With just four seconds remaining, first-year Sebastian Berhalter whipped a free kick into the box looking for a game-winning header.
It looked like the No. 11 North Carolina men’s soccer team was going to escape Tuesday's non-conference game as victors when junior Santiago Herrera put his head to the ball for a forceful shot.
However, the Tar Heels (3-1-2) came away with defeated looks when the ball found the Davidson (1-3-1) goalkeeper’s hands. The last second save earned the Wildcats a 0-0 draw, an excellent result from their perspective.
UNC, on the other hand, was disappointed with the outcome, which came against a team whose only victory this season came against Wake Technical Community College in overtime.
“It’s a little unfortunate,” senior captain Mauricio Pineda said. “Obviously we want to win every game."
Head coach Carlos Somoano was a bit more blunt in his response: “Obviously, I’m disappointed.”
The Tar Heels dominated the stat sheet on a scoreless night, leading 14-1 in shots and 3-0 in shots on goal.
But Davidson “parked the bus,” and would at times play 10 men behind the ball on defense. The usually potent UNC attack struggled to capitalize on its chances.
“We don’t really focus on the opponent too much,” Pineda said. “We just try to stick to our game plan to the best that we can.”
UNC’s defense, on the other hand, clearly came to play, not allowing a shot after the 12th minute of the game. That means Davidson had zero shots in 98 minutes of game time.
“They had one shot and a shutout,” junior defender Matt Constant said. “So we did our job pretty well.”
The North Carolina back line has held firm the last four games, allowing just one goal over that stretch.
“We just keep doing the same stuff,” Constant said. “Stay as a unit, cover each other, bail each other out. If we can limit teams to less than three or four shots a game, I think our chances are pretty good of keeping a shutout.”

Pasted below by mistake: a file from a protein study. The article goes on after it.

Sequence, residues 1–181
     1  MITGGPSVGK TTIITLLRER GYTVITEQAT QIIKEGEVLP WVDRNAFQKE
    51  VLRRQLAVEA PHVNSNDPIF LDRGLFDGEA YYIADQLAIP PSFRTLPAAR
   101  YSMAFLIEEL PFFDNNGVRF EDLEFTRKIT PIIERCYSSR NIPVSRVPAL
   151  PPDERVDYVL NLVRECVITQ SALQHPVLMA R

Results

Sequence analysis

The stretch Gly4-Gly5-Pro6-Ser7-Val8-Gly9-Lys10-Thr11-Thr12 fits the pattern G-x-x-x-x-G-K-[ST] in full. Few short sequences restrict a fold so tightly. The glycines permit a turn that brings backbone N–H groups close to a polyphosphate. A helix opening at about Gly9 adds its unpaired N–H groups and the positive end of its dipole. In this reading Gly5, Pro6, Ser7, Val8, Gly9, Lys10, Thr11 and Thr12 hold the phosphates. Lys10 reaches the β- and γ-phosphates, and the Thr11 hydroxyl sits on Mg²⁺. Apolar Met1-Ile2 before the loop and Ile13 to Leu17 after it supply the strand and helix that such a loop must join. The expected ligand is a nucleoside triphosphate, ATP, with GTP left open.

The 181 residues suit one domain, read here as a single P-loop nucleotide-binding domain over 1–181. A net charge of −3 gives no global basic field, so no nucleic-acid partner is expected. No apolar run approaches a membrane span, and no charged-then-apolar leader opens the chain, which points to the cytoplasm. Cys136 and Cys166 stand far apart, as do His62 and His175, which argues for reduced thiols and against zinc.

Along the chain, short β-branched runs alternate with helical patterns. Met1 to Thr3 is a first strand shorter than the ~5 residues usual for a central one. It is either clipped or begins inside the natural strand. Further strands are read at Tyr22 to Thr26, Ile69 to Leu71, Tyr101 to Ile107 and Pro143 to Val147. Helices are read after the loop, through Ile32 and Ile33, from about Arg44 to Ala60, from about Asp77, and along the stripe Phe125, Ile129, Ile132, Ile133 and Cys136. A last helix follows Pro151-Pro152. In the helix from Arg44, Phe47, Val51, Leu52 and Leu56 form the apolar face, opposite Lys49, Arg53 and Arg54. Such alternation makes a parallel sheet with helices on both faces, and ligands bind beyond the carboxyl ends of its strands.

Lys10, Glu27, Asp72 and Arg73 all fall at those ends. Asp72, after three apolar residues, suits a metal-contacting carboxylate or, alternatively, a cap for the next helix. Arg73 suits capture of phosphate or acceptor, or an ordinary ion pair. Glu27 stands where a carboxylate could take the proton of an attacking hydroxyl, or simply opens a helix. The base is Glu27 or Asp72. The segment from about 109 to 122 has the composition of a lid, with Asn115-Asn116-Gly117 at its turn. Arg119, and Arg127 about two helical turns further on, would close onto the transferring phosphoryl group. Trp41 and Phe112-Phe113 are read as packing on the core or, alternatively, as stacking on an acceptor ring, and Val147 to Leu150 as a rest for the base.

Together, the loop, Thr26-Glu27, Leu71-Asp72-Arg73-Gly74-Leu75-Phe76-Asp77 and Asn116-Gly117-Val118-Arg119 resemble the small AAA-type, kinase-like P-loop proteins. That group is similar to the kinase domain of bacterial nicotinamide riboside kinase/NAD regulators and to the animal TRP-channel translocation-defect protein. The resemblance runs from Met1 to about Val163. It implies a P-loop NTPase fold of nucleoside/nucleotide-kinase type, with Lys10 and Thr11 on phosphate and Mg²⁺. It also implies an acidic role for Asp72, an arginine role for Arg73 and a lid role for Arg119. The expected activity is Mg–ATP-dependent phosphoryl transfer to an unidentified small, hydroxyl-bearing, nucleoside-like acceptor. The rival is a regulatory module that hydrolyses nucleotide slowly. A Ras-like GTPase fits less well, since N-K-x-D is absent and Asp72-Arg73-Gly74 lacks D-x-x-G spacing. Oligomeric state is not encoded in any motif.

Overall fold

Because Davidson mostly sat back on defense, the UNC defense was also responsible for starting the North Carolina attack. That type of gameplay meant that there needed to be a lot of crisp passes to get the ball upfield.
“We just passed the ball too slow,” Somoano said. “It always gave them comfort to be able to shift around and get numbers behind the ball.”
Davidson continued to stifle the Tar Heel attack into overtime. UNC only manufactured two shots after regulation, both coming in the second overtime.
“In general, I don’t know what it was,” Somoano said. “The legs, the minds looked tired. We played a tired game today from the outset.”
Somoano added that he believes UNC may have fell victim to the student-athlete grind. He mentioned that the team may have been tired because it was just four days away from its last game, a 3-1 win at Virginia Tech, and that many of his players had exams this week.
That doesn’t bode well for the Tar Heels and their upcoming schedule. The team will turn around and play No. 16 Notre Dame on Friday, and will need to get its energy back. Then, UNC will have another ranked ACC matchup against Duke the following week.
In an up-and-down season so far, the team knows that a short memory is crucial.
"The only thing we can do now," Pineda said, "is focus on our next game.”
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